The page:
We are here primarily interested not in showing but in being justified. So let us look at a belief p that I have, namely, that I have two hands. Perhaps the grounds for my belief are that q1 I have a left hand and q2, that I have a right hand. It seems that this is not quite enough, though. One must have reason to put one and one together to make two. So we might require qe, that 1 + 1 = 2.
Now that we have assembled three beliefs that look like they would support p, we must still describe exactly how it is that they support p. Let us suppose that it is (roughly) a matter of logic that the conjunction of q1, q2 and q3 implies p. Then we might enunciate an epistemic principle that ties to grounds to what they support:
(L) If the conjunction of grounds logically implies p, then p is indirectly justified by those grounds.Note that this principle does not itself have to be a belief, nor need it be justified for the person, in order to serve as a bridge between the grounds and what they support. On the other hand, if one were trying to show that p, then it seems that one would have to believe (L) in a way that is justified. This is an additional problem with the process of showing, in that not only does it add an additional demand, but it seems especially vulnerable to the regress argument.
Externalist and Internalist Foundationalism
Now we are faced with the question of whether each of q1 through q3 is directly or indirectly justified. It seems as if the belief that 1+1=2 is a plausible candidate for direct justification. Perhaps it is justified by rational intuition, as Descartes would say. If so, then that branch of the tree is terminated.
The justification for q1 and q2 would proceed on exactly the same grounds for a normal person, so let us turn our attention to q1, that I have a left hand. Is this directly justified? Some philosophers would claim that it is. If I see and feel my left hand, then that is enough support for my having it. Moore seems to have had something like this in mind, and many modern foundationalists support this view. We might call this "externalist" foundationalism.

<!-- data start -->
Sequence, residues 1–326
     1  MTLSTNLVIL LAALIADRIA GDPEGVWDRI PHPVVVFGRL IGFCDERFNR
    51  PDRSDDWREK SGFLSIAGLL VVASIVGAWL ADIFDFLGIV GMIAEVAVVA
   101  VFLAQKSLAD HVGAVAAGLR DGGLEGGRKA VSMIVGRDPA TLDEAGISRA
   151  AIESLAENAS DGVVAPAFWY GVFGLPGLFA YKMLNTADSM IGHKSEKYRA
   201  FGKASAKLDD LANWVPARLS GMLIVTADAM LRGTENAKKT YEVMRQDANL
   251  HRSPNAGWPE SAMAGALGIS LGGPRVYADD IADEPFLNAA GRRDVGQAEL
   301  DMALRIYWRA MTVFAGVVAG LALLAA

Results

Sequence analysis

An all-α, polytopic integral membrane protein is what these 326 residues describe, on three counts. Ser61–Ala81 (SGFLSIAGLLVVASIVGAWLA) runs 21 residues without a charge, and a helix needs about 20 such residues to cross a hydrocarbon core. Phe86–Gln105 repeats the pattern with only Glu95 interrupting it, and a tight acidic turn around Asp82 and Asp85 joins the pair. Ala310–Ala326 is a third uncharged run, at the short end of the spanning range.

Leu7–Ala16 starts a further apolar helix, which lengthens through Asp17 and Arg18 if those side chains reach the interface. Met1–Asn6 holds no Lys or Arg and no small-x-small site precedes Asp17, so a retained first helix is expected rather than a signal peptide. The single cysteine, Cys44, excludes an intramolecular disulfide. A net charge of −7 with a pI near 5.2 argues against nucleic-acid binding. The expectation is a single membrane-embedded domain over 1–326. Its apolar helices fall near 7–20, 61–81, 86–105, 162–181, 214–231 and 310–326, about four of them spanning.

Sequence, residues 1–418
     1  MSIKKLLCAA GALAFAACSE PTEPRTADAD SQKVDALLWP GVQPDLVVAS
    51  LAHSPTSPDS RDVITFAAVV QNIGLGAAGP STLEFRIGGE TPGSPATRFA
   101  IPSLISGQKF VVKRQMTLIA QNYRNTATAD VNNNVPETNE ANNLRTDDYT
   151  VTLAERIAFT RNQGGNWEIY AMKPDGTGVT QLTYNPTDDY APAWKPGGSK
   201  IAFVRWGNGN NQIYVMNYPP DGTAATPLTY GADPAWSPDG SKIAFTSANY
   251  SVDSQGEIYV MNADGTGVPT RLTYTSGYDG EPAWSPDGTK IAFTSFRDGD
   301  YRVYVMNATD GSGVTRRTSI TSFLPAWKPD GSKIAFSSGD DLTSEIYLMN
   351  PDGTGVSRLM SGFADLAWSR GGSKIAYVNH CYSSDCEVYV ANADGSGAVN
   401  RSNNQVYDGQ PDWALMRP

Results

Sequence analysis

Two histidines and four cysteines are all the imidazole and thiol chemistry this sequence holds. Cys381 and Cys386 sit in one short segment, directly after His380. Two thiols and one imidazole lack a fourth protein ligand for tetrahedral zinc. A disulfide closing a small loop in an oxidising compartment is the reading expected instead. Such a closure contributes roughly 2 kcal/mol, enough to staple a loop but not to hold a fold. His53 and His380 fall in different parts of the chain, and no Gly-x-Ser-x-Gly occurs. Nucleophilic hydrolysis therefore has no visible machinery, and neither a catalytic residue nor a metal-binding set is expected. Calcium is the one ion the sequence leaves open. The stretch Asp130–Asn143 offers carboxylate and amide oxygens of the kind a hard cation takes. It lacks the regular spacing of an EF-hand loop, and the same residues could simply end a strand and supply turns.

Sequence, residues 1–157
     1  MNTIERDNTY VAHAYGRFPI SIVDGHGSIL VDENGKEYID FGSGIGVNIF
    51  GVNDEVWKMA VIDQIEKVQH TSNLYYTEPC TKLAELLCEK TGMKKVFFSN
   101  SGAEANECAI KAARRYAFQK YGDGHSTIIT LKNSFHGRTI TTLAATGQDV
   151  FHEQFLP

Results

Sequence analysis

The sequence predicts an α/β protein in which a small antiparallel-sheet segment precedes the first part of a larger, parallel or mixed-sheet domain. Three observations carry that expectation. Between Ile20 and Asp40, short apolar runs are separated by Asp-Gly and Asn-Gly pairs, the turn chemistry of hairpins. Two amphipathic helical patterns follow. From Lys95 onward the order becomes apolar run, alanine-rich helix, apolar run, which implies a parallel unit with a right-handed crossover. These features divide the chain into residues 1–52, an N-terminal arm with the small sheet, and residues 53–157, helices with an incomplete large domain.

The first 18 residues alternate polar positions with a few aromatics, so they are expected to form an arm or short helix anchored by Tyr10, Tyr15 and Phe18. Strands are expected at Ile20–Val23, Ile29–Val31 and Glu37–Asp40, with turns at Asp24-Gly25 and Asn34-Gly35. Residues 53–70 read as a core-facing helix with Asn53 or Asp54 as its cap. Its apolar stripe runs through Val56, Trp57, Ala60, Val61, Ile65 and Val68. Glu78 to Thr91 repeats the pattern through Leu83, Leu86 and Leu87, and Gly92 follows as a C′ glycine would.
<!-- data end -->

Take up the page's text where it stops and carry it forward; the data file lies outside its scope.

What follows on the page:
Other epistemologists of an "internalist" stripe would say that q1 is indirectly justified, in that it is supported by a belief about one's perceptual experience. In his 1986 paper covered earlier, Alston specifically endorsed an internalist approach to justification.
One consideration favoring internalism is that one might appeal to one's experience if one were trying to show that the belief that q1 is true. Suppose in response to a skeptical query about p, you respond that you see your left hand. The skeptic might ask you to show that you see it. You might then try to show this by saying that it looks and feels to you that you have a left hand. This is an internal matter that must play a role in showing if one is not to be dogmatic. Yet we have already seen that Alston wants to distance himself from an account of justification in terms of showing, so this cannot be a decisive consideration in favor of internalism.
Another factor favoring internalism is that the belief seems to be a causal consequence of the having of experiences. The claim is that we do not directly perceive a hand, but the hand is the beginning-point of a complex chain of physical, physiological, and psychological events culminating in an experience. Once we have the experience, we form the belief. This factor seems to be what motivated classical empiricist theories of knowledge, such as that of John Locke in the seventeenth century.
Now let us work with an internalist variant of justification, one which is no doubt highly over-simplified. We may say that what justifies belief in q1 is a number of beliefs about experiences we have had. We will summarize these beliefs in a single belief that r: I have had many hand-like experiences.
If r is to justify q1, there must be an epistemic principle connecting the two together. Let us propose the following:
(M) If S believes he has experiences like that of a thing with character F, and there is no reason to believe that they are not generated by thing with the character F, then S is justified in believing that there is a thing with character F.This principle confers "prima facie" justification, unlike principle (L). Experience is taken to be accurate, but it is allowed that there are many ways in which it may not be accurate. Logical implication, on the other hand, gives unimpeachable support.
It should be noted right away that there are many alternatives to (M). We might invoke a causal connection, for example that the experience of F-things be caused by the F-things. Any principle of this sort linking the objective to the subjective is very controversial, but we shall not discuss it further.
With r in hand, we must ask again whether it is directly justified. Many philosophers would say that it (or something like it) is rock-bottom. Only the having of the experience itself justifies the belief that I have the experience. And the experience itself is not a belief. So we have a third epistemic principle at work:
(N) If S has an F-like experience, then S is justified in believing that S has an F-like experience.We might motivate this as the last stop in the descent toward foundational beliefs on these grounds. If asked to show that one has F-like experiences, there seems no other response except to say "I just have them."
A Coherentist Objection